I have a strong preference for an explicit cast, because in this setup a compiling cast-free program gives me a static guarantee there will be no type errors. In current TypeScript the fact a program compiles tells me nothing about type errors - they can still manifest themselves for certain runs of the program.

I am speaking from experience. In our company we have developed an F#->JavaScript platform, WebSharper, and have been quite happy with the explicit cast over the years. This is indeed how F# works - a sound core typesystem with use-at-your-own-risk extensions. I have not had any problem expressing JavaScript idioims. Our programs are typically written mostly in the sound core of F#, and casts are inserted at the FFI boundary to make sense out of untyped JavaScript and bring it into the typed setting.

If anything, we have felt the need for more *safety*, not more flexibility. For example, we are now looking at implementing a contract system to check at runtime that untyped JavaScript fragments preserve the announced typing, in the spirit of Findler and Felleisen (http://www.ccs.neu.edu/racket/pubs/icfp2002-ff.pdf).

Coordinator
Jan 9, 2013 at 6:08 PM

The design choices here (and Anders may even weigh in) are about balance rather than removing all unsafe activity.  JavaScript code tends to be, especially to many coming from languages like F#, more on the fast and loose side of coding.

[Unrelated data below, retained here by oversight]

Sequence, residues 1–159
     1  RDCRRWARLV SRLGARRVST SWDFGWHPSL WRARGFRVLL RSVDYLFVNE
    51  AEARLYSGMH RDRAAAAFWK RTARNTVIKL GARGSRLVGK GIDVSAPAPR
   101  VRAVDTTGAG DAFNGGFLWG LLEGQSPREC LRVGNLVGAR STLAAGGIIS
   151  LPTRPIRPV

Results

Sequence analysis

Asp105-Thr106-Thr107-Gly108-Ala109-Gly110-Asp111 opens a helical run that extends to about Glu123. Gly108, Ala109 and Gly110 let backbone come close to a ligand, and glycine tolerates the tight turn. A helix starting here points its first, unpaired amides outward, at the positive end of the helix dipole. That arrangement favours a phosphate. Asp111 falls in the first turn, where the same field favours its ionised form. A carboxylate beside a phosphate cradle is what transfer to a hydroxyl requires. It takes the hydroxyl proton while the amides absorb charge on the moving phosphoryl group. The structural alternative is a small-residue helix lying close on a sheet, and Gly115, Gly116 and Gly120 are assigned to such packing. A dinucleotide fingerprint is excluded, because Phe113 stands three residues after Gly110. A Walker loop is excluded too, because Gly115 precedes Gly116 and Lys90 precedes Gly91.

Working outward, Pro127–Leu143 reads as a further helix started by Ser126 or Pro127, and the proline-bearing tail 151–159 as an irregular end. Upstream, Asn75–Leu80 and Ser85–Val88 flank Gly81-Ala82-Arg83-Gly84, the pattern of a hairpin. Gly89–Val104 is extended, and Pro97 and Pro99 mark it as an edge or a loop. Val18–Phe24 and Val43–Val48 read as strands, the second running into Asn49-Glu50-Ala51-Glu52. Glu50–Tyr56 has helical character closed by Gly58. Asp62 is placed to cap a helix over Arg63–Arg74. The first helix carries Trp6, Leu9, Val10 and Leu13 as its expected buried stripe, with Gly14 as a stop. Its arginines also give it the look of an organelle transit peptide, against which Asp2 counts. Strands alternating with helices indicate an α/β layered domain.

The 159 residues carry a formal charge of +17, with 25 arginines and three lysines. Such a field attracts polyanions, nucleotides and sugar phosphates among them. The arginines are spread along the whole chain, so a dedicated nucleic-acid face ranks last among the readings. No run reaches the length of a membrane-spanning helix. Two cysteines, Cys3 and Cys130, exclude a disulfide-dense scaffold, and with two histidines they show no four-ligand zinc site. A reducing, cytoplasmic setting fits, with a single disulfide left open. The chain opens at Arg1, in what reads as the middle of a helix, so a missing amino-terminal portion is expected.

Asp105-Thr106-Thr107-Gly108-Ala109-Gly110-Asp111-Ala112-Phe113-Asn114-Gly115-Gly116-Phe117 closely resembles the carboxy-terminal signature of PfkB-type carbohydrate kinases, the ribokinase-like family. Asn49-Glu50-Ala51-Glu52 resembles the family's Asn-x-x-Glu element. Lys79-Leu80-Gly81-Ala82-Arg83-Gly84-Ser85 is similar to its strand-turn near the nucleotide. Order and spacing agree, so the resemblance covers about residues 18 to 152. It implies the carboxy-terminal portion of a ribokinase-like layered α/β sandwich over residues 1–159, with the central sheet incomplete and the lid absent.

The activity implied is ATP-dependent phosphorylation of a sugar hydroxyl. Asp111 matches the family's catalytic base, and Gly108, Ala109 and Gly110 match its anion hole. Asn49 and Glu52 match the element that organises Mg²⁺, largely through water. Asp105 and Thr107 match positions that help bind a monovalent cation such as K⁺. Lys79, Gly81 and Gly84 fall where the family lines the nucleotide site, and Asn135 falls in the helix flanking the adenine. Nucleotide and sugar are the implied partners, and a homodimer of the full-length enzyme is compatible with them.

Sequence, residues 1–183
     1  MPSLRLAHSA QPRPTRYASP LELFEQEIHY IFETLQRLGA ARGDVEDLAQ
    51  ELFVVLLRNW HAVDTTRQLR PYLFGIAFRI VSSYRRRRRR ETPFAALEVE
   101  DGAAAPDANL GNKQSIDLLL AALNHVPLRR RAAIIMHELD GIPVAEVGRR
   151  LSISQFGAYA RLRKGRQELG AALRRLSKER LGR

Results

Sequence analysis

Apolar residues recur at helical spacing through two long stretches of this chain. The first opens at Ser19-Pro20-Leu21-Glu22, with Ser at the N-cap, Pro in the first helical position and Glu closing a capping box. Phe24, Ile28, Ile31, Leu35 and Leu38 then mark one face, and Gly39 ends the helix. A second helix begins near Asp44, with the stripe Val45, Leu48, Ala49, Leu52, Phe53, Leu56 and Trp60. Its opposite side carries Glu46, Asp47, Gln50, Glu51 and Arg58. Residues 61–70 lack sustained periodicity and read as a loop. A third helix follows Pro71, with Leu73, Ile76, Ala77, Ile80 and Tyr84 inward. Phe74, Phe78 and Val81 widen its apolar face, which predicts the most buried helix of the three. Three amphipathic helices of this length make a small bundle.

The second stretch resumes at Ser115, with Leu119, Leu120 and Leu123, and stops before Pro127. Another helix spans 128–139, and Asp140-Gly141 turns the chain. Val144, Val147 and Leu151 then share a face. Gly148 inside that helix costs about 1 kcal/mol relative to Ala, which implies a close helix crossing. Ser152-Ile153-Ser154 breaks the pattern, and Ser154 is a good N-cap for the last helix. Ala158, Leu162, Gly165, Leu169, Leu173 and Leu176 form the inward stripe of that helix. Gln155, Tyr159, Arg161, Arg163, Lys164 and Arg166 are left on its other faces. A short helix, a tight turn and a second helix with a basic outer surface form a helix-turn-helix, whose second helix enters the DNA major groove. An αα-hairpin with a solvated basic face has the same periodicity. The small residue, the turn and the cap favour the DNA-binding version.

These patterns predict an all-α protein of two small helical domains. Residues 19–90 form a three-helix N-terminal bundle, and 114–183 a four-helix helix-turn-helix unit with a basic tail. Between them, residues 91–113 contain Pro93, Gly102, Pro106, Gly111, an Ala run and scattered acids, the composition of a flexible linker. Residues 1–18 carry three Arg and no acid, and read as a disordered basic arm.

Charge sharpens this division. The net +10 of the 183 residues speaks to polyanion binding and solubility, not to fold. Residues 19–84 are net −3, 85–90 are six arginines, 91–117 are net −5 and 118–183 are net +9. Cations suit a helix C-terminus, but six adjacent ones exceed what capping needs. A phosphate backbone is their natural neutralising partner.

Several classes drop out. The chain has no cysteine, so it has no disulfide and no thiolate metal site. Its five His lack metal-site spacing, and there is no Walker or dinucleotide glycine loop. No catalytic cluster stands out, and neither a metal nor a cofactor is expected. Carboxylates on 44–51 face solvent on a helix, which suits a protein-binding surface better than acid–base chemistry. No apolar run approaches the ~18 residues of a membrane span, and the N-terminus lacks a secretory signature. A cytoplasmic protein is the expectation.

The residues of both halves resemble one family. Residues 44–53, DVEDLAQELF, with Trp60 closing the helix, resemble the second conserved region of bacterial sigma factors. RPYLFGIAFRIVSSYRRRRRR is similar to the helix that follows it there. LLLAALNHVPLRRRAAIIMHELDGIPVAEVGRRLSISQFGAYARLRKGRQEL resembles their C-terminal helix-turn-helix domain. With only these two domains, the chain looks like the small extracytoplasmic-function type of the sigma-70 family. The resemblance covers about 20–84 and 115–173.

The more we require users to use casts to port code over, the less it feels like coding in helpful superset of JavaScript and the more it feels like a restrictive, type-heavy language.  We'd rather avoid that and keep the language easier to use for doing the types of things JavaScript is good at, even if it means risking some type safety in some cases.  The hope is the holes it opens up in the type system are rarely felt in practice, but we gain a net positive by having a lighter weight type system.

That said, TypeScript won't be everyone's cup of team.  There are other languages that compile to JavaScript that favor a more strict system, like your own project, which may be a better fit for programmers who want that extra level of assurance a stricter type system gives them.

Jan 9, 2013 at 7:26 PM

Just count my feedback as a vote for a sound type system. I think I understand your arguments, but from my (biased) position, I fail to see any benefit at all in allowing implicit TS holes. See also some more or less informed discussion on LtU: http://lambda-the-ultimate.org/node/4612

May 31, 2013 at 11:53 PM
+1 for the sound type system. Generics are also affected by this: https://gist.github.com/valtron/5688638.

In my opinion, it'd be great if you could annotate generic params with in/out (C#) or +/- (Scala) to indicate variance, and have the type-system check it.

I don't think this is a flexibility issue. If someone is writing code similar to my generics example, it's likely they intend to enforce that the objects they get out of a Box<T> are actually of type T; otherwise, they'd write just Box.

The reason I write this is because I really like Typescript; I think it's the cleanest, lightest, and best typed Javascript alternative. I'm planning on using it in my work projects when 0.9 comes out, regardless of the holes in the type system, because the benefit over Javascript is enormous. It's just a shame that I'll be able to write code with full type annotations and still not be sure that I'm not making a subtle mistake.